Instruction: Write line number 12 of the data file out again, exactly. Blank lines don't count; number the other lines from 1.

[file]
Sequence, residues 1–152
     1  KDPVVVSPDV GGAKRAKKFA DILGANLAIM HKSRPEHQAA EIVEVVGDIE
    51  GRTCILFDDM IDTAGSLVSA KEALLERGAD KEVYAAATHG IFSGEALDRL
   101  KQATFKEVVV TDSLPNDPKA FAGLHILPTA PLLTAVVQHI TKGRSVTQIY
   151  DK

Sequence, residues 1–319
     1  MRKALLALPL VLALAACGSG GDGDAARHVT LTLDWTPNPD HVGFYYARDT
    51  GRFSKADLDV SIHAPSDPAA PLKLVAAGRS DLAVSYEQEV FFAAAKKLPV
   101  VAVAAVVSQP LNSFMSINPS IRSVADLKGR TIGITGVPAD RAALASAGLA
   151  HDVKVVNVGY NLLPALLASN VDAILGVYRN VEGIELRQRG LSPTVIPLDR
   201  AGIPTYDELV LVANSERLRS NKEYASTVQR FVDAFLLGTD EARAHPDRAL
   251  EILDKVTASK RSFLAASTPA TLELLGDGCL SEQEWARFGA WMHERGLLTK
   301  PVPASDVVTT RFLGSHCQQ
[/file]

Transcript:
   251  EILDKVTASK RSFLAASTPA TLELLGDGCL SEQEWARFGA WMHERGLLTK